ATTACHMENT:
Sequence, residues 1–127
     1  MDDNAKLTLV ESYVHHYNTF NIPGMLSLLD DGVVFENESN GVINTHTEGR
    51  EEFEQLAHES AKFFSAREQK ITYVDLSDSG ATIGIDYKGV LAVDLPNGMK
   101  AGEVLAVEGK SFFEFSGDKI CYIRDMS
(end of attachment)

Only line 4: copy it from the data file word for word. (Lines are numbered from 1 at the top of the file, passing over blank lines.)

   101  AGEVLAVEGK SFFEFSGDKI CYIRDMS